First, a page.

The ESB and Ardnacrusha

 

Sir, – Seamus Fennessy (January 6th) asks, “Why are we storing winter rains in a river that is low lying and prone to serious flooding?” The ESB does not store winter rains on the Shannon or in any of its lakes.

The level in Lough Derg is maintained within a narrow band of 0.3m in order to flow water into Ardnacrusha. The capacity of Lough Derg within this band equates to less than half a day’s inflow from the Shannon at the current flowrates, in the context of a flood that has been going on for over a month.

The ESB adjusts Parteen Weir below Lough Derg to divert the maximum possible flow of water away from the Shannon and into Ardnacrusha, before channelling that water back into the river at a point downstream on the outskirts of Limerick City.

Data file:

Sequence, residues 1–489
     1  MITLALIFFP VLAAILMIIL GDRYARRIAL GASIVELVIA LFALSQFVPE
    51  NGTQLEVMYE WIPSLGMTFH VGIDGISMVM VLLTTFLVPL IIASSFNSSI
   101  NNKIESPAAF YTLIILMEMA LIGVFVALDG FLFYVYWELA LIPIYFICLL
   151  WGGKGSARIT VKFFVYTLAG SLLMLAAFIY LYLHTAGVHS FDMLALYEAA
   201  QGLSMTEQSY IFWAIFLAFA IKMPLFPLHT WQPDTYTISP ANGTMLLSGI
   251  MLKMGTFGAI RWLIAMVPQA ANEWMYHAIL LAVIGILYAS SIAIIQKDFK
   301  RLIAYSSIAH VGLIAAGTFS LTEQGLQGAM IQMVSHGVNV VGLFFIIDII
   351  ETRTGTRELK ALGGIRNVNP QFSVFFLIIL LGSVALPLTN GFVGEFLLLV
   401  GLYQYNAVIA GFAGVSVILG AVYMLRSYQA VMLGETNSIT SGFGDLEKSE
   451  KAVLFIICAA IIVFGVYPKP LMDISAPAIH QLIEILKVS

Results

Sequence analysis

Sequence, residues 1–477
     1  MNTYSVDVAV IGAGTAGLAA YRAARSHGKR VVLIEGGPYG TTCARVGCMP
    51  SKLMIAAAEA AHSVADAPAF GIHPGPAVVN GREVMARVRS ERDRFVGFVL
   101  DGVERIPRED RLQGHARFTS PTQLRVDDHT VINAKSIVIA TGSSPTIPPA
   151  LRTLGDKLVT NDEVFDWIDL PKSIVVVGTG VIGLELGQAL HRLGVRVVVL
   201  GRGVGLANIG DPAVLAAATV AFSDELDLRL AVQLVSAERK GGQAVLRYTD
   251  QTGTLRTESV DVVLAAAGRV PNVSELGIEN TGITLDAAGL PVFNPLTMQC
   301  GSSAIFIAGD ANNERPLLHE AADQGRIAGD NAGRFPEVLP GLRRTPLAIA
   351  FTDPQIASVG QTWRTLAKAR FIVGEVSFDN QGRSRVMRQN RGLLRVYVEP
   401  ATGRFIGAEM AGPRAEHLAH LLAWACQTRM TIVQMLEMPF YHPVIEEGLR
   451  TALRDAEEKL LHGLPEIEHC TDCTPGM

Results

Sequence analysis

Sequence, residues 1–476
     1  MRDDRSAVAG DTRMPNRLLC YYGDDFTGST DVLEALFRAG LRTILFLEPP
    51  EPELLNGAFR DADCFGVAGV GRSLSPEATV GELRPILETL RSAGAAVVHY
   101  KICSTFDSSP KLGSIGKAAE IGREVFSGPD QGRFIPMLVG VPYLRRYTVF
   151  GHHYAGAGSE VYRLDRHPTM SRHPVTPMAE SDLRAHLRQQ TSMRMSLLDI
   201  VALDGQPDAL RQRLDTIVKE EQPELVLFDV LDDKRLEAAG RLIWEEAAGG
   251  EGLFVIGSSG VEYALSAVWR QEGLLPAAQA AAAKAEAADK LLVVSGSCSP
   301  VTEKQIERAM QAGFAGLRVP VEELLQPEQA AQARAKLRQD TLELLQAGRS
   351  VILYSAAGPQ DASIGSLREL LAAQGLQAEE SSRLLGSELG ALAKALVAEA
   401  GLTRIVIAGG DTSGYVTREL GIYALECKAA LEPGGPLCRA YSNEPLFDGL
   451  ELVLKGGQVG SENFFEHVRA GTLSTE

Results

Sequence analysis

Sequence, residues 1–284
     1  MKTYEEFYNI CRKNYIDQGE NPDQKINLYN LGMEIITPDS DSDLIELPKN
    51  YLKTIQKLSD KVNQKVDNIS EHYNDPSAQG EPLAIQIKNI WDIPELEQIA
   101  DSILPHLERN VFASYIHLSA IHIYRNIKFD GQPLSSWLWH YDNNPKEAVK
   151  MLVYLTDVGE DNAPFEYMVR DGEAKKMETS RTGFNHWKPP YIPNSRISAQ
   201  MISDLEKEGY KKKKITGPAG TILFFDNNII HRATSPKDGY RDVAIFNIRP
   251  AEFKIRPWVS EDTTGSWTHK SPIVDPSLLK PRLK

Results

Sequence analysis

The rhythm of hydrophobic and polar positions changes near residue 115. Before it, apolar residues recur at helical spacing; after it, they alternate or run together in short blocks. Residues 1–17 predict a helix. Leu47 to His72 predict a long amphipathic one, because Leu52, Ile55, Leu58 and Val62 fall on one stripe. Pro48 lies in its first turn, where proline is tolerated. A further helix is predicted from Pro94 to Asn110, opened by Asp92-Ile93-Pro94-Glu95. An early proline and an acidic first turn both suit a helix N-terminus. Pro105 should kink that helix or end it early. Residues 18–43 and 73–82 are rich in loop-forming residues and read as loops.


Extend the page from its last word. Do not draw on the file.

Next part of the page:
Although I know that it will be of little comfort to those families whose properties and lives have been so badly affected by the current level of flooding, almost half the water flowing down the Shannon during the recent period of heavy and persistent rainfall has been diverted by ESB away from the vulnerable areas that lie immediately downstream of Parteen Weir.

So the issue of ESB storing winter rains for summer electricity generation or, for that matter, storing any water on the Shannon does not arise. Indeed, the existence of Ardnacrusha is positive and beneficial in a flood and its absence or decommissioning would only exacerbate the current difficult flooding situation downstream of Parteen Weir.– Yours, etc,

BERNARDINE MALONEY,

Corporate Communications

& Public Affairs,

ESB,

Lower Fitzwilliam Street

Dublin 2.